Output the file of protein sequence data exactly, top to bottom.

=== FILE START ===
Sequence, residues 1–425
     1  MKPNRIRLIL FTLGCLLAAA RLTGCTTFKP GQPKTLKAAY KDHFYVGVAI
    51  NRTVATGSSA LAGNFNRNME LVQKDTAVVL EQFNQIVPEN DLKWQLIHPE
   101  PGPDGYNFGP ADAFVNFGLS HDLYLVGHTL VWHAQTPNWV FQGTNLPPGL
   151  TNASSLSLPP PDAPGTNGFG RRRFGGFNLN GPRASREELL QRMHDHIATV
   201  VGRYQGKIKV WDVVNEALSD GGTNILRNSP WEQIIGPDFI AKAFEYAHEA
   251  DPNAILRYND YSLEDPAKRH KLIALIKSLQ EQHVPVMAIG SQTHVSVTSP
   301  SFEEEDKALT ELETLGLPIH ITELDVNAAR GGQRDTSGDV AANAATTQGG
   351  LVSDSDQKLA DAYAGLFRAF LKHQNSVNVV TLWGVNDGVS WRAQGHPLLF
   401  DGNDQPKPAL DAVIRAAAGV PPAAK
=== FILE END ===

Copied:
Sequence, residues 1–425
     1  MKPNRIRLIL FTLGCLLAAA RLTGCTTFKP GQPKTLKAAY KDHFYVGVAI
    51  NRTVATGSSA LAGNFNRNME LVQKDTAVVL EQFNQIVPEN DLKWQLIHPE
   101  PGPDGYNFGP ADAFVNFGLS HDLYLVGHTL VWHAQTPNWV FQGTNLPPGL
   151  TNASSLSLPP PDAPGTNGFG RRRFGGFNLN GPRASREELL QRMHDHIATV
   201  VGRYQGKIKV WDVVNEALSD GGTNILRNSP WEQIIGPDFI AKAFEYAHEA
   251  DPNAILRYND YSLEDPAKRH KLIALIKSLQ EQHVPVMAIG SQTHVSVTSP
   301  SFEEEDKALT ELETLGLPIH ITELDVNAAR GGQRDTSGDV AANAATTQGG
   351  LVSDSDQKLA DAYAGLFRAF LKHQNSVNVV TLWGVNDGVS WRAQGHPLLF
   401  DGNDQPKPAL DAVIRAAAGV PPAAK